Microsoft has gone public with Outlook.com, a online and free e-mail service that combines the functionality of Hotmail and the design of Windows 8. The service works from any devices, so it should partly remove the desire to avoid Hotmail.
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Outlook.com could finally be a messaging service to rival Gmail, unlike Hotmail
Microsoft has launched Outlook.com, a online e-mail service for free. Users can sign up now (more on that in a separate article, coming today), and the service looks well designed and functional, just like Windows 8.
Outlook.com has ActiveSync integration, allowing syncing of e-mail and pushes mail to devices. It also has integration with SkyDrive and Office apps, so there’s needed functionality, and a flat Metro design we’ve seen plenty of in Windows 8.
The design is a simple, three-columned design: e-mail folders on the left-hand side, messages in the middle, and advertisements on the right. That’s basically everything. The advertising columns is used for advertisements and non-advertisement features, so it shouldn’t be like the Xbox 360 dashboard where content you don’t care about is advertised everywhere.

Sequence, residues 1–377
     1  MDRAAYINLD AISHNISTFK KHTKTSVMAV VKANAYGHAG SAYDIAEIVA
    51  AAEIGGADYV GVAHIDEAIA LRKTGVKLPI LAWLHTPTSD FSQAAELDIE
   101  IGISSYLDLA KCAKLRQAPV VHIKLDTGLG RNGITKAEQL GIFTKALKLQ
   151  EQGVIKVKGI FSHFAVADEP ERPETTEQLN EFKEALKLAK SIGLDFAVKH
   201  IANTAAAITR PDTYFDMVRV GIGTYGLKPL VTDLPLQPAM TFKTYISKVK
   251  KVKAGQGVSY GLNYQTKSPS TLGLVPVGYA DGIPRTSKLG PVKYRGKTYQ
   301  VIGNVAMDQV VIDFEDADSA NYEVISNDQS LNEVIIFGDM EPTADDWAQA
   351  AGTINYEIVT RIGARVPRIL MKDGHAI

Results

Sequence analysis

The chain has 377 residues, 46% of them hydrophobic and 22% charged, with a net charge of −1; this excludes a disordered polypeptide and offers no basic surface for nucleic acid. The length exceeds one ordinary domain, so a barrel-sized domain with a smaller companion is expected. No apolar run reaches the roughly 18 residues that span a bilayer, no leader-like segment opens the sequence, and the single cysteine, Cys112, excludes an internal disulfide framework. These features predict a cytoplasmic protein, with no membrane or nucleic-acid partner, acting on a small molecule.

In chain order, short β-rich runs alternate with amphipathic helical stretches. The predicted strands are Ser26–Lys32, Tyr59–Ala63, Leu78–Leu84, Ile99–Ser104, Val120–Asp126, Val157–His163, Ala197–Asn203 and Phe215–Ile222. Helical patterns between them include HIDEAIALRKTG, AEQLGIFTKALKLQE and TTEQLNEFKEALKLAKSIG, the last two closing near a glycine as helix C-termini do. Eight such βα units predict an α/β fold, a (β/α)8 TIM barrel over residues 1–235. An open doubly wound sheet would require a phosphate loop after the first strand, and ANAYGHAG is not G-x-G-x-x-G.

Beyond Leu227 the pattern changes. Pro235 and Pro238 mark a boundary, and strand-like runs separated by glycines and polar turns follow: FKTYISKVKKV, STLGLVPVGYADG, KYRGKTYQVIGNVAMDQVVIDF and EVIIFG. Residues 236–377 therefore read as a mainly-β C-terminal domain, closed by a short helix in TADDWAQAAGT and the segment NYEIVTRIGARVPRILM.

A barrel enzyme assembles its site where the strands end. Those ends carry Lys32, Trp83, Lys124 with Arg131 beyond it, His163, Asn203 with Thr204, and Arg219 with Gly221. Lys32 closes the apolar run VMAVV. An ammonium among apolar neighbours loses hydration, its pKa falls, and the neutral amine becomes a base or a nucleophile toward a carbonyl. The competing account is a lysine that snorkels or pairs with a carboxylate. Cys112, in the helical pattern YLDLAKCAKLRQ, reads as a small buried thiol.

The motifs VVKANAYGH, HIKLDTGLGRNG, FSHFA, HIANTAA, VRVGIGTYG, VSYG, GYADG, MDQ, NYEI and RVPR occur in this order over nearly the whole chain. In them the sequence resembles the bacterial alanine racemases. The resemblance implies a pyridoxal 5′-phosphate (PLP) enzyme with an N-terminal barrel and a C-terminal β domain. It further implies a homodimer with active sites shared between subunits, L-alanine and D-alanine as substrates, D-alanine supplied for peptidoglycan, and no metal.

For example, opening up e-mail from a person shows information about them. Twitter and Facebook profiles are linked, notably. It’s similar to the three-column design used in Bing: the right-hand column shows users who like content related to a search, and Twitter Experts are recommended to tweet about a search. Most recently, in Bing, users can share a search via Facebook and tag up to five friends in the search. Friends will then be notified of the search.
It’s also going to be possible to chat via Skype, the video chatting service Microsoft acquired, through the same pane. Basically like Google Chat, but Skype is probably a bigger draw than Google’s Hangouts. Skype integration will arriving in the coming months.
Hotmail users can switch to Outlook.com, and back, and the latter seems like an all-round better package. When I’ve used Hotmail, it’s seemed slow compared to Gmail. Gmail has a simplicity, even with the mediocre design. Outlook.com is currently in beta, but Hotmail users will be moved to the new service when fully released.
There’s no offline e-mail support, attachment up to 300MB, along with visual redesigns to other services including People and SkyDrive.
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